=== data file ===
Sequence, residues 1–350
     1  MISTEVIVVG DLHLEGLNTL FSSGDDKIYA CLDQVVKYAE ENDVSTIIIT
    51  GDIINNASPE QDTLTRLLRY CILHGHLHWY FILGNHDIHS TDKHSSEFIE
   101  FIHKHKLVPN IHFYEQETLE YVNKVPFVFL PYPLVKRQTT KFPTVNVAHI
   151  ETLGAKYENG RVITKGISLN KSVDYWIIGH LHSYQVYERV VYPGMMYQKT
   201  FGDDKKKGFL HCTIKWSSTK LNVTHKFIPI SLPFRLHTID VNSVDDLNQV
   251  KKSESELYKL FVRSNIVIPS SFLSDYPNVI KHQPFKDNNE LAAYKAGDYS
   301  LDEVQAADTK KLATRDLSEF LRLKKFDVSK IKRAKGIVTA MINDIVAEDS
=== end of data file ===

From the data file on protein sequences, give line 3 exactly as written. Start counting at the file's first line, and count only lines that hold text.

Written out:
    51  GDIINNASPE QDTLTRLLRY CILHGHLHWY FILGNHDIHS TDKHSSEFIE